Anterior vaginal suspension for vaginal vault prolapse

S Juma
Techniques in Urology 1995, 1 (3): 150-6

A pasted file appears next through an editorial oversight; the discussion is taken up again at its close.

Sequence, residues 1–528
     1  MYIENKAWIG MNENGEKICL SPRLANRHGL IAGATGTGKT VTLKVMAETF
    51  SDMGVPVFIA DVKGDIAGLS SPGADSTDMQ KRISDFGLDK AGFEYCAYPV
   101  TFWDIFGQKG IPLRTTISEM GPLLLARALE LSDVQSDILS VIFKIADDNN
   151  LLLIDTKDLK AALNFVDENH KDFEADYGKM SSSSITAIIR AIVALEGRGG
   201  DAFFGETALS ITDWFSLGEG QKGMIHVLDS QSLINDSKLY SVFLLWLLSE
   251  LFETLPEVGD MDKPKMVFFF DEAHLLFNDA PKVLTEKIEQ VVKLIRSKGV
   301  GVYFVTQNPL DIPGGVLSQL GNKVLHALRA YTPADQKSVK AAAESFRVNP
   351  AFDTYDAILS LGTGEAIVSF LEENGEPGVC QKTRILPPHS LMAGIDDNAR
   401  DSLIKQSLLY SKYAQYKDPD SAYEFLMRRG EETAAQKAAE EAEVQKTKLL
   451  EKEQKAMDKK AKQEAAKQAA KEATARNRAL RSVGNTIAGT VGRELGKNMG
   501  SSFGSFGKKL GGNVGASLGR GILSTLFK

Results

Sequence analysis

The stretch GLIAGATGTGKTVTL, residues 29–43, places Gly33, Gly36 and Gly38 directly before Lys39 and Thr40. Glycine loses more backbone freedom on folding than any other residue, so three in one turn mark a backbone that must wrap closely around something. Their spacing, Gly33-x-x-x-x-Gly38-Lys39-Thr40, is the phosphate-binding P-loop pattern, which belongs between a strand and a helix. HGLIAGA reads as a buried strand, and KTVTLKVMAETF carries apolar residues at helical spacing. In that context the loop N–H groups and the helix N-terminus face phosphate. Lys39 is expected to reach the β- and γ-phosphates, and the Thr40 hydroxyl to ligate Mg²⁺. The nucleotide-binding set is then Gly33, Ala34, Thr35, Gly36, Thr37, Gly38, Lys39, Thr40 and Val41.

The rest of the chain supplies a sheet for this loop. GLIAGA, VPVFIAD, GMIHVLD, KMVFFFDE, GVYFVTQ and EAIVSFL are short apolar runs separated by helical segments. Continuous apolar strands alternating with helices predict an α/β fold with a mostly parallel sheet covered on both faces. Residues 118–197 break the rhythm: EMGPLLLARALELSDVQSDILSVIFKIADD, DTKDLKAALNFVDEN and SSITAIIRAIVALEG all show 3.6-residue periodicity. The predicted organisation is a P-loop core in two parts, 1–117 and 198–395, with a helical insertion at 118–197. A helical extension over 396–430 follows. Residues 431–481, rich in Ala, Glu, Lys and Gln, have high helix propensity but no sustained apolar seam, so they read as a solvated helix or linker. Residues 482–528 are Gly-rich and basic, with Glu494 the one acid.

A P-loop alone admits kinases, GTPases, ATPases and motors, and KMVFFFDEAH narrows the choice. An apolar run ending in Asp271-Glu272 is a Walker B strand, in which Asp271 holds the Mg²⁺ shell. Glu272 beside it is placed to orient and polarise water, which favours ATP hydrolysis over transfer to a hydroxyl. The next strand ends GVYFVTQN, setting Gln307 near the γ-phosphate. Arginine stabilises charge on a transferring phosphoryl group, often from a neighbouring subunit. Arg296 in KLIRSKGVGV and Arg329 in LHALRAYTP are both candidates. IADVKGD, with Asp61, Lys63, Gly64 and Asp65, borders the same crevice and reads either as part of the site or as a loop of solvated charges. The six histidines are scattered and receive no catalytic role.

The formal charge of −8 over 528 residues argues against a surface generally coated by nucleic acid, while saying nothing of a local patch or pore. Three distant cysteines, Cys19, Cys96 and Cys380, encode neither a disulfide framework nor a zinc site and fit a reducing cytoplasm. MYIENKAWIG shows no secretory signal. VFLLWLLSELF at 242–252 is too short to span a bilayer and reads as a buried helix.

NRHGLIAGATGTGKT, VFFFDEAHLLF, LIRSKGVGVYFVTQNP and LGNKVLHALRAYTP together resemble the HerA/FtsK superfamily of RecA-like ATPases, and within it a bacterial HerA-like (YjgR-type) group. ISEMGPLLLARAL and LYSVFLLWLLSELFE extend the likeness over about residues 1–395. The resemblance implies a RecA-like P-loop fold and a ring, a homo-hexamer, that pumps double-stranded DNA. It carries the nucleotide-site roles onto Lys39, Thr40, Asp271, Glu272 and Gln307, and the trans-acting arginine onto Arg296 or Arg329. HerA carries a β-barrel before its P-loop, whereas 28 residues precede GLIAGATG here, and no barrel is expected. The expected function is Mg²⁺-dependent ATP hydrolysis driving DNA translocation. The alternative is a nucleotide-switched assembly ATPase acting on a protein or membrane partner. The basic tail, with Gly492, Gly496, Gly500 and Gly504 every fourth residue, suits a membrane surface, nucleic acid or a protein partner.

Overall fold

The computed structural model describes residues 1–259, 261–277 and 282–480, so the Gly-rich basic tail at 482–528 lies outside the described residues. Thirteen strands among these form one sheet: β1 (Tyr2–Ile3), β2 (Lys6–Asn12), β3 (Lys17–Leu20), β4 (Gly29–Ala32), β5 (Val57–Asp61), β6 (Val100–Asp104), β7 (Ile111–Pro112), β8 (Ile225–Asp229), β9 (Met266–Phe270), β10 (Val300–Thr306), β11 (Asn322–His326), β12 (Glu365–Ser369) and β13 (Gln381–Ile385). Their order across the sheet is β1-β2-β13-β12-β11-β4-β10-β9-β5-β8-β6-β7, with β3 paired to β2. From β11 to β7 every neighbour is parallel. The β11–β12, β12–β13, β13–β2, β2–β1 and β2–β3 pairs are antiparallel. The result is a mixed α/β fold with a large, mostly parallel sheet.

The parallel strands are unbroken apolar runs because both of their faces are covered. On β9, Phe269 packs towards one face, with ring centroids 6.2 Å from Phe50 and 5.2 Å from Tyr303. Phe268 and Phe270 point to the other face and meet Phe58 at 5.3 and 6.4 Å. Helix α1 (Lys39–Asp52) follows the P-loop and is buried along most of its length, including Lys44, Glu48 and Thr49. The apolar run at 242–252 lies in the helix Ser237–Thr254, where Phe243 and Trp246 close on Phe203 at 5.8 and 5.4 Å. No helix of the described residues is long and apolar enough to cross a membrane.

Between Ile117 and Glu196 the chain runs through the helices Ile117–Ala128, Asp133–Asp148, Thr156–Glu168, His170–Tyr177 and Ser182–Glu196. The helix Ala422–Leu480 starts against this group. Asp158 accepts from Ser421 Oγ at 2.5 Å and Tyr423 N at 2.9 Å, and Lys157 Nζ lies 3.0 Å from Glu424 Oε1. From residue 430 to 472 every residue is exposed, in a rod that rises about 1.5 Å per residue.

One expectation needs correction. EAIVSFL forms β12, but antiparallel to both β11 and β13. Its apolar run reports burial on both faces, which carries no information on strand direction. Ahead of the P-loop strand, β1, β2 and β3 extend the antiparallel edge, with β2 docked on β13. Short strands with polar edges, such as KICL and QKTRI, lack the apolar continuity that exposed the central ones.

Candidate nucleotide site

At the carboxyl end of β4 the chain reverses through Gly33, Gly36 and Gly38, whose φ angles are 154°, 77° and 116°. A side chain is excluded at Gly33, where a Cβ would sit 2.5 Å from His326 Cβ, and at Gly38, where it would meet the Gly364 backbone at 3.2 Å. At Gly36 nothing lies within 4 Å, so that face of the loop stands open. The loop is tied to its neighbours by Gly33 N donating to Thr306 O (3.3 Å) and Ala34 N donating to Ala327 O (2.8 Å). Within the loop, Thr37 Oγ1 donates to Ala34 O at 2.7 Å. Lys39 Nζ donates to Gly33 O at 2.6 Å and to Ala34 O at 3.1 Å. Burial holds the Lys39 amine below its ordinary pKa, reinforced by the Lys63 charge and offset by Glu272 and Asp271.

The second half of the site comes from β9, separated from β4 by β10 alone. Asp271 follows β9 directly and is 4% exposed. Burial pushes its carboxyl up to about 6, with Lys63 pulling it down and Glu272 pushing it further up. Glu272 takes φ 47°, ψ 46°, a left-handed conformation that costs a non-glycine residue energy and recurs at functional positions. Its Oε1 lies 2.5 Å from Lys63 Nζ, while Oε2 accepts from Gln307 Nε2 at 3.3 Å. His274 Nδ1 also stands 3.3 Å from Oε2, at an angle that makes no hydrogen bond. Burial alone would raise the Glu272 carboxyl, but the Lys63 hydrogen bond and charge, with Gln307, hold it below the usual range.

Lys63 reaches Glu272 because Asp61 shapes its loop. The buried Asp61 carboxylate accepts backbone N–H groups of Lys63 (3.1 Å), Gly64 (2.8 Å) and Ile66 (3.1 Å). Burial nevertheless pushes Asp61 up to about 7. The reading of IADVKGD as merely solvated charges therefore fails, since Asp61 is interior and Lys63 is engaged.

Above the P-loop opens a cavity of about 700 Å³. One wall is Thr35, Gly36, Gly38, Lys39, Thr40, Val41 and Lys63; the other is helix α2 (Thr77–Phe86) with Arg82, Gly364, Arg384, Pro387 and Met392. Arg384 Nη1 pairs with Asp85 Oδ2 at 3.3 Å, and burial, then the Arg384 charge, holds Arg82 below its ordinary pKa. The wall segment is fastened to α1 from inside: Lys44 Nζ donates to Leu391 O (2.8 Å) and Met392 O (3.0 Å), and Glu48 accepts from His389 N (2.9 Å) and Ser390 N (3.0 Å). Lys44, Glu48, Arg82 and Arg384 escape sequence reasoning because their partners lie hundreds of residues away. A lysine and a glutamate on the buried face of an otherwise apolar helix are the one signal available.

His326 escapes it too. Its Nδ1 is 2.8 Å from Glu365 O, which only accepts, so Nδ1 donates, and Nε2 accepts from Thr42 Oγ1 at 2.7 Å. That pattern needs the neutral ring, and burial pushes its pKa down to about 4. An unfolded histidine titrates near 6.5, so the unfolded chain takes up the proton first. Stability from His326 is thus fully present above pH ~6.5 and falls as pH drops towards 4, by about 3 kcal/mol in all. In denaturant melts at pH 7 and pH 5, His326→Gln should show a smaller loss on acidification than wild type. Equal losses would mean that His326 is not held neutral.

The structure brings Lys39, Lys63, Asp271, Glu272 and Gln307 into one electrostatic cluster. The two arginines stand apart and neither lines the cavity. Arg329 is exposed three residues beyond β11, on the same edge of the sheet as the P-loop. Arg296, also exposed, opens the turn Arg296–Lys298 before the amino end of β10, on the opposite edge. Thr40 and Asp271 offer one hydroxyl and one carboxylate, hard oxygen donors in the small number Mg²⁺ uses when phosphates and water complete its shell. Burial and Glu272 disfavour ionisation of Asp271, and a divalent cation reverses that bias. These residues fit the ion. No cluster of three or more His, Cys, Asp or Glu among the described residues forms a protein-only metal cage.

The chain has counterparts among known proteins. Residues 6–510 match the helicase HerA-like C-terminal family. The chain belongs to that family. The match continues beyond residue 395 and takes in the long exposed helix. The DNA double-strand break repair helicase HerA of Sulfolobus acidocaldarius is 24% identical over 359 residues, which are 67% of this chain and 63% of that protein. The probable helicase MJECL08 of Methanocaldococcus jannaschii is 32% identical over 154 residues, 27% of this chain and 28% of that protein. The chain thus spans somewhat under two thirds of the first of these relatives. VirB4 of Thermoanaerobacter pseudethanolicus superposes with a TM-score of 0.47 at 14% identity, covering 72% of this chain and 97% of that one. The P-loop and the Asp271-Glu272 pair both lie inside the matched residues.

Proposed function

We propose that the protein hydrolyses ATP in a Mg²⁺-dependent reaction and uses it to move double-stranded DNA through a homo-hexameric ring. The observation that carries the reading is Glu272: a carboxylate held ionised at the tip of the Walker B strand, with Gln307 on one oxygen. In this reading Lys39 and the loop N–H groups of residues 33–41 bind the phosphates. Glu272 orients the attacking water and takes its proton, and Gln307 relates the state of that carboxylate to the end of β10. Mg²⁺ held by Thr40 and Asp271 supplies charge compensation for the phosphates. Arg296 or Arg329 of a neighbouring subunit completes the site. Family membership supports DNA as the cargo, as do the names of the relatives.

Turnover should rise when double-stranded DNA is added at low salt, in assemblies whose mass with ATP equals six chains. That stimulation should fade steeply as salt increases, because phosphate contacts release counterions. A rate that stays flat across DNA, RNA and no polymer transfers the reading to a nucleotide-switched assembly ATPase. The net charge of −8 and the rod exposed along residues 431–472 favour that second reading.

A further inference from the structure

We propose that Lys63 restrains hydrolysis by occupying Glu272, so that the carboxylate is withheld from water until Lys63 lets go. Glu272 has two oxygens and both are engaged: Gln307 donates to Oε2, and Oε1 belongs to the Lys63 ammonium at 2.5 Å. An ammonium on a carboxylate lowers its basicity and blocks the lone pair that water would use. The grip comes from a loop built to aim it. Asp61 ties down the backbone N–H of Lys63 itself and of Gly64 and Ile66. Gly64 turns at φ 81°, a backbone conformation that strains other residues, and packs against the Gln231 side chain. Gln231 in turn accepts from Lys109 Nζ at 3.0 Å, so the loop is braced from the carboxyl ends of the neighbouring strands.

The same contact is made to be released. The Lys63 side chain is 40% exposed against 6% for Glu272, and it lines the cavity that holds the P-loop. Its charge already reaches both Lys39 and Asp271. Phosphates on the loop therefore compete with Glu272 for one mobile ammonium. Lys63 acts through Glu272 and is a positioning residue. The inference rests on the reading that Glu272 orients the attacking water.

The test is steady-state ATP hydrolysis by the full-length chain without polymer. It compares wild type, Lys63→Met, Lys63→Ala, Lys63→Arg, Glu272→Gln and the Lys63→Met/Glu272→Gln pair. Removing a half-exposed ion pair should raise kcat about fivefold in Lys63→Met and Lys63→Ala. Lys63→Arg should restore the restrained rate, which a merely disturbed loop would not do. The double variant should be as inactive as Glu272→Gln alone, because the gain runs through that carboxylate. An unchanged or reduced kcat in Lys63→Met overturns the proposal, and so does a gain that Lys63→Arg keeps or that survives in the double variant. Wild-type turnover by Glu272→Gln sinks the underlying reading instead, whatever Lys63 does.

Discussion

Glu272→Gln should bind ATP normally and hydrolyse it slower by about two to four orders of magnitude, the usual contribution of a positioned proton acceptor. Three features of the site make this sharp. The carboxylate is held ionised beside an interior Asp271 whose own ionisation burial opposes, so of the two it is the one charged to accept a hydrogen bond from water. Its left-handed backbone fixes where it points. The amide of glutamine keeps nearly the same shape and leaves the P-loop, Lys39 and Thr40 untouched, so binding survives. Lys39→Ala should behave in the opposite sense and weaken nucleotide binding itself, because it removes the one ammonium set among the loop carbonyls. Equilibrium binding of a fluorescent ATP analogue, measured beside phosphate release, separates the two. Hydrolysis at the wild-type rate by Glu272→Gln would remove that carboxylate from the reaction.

Vaginal prolapse may occur following hysterectomy or may evolve with the uterus in place. Current treatment options for vaginal prolapse have a limited success rate or are associated with significant morbidity. In this retrospective review, we present our experience with a new procedure for repair of vaginal prolapse. This technique relies on anterior suspension of the vaginal vault to the anterior rectus sheath in a fashion similar to bladder neck suspension. Forty patients have undergone this procedure. All patients had vaginal prolapse, cystocele, and urinary incontinence. In addition, 34 patients had enterocele, six had uterine prolapse, 33 had rectocele, and two had urethral diverticula. All patients had anterior vaginal suspension (AVS), with cystocele repair and bladder neck suspension. Six patients had vaginal hysterectomy, 34 had enterocele repair, 33 had rectocele repair, and two had urethral diverticulectomy. The mean hospital stay was 2.5 days (range, 1-7 days), and their mean follow-up was 30 months (range, 12-54 months). Thirty-six (90%) patients have excellent support of the vagina with no evidence of recurrent cystocele, enterocele, or rectocele. Four (10%) patients have recurrent enterocele. Thirty-three (82.5%) patients are dry or have rare episodes of urinary incontinence (less than one episode/month), whereas four (10%) patients have recurrent stress incontinence and three (7.5%) have urge incontinence. Constipation and fecal incontinence were resolved in all patients. All patients who were sexually active preoperatively remained so postoperatively, and none reported dyspareunea. Vaginogram in 10 patients demonstrated that posterior angulation of the vaginal axis was retained in all patients. AVS is associated with an excellent success rate in terms of resolution of symptoms and correction of prolapse. Morbidity is minimal, and hospital stay is short. The technique is simple and relies on anatomy that is familiar to all urologists. In addition, the vaginal approach allows for simultaneous correction of all components of vaginal prolapse and any associated vaginal pathology.

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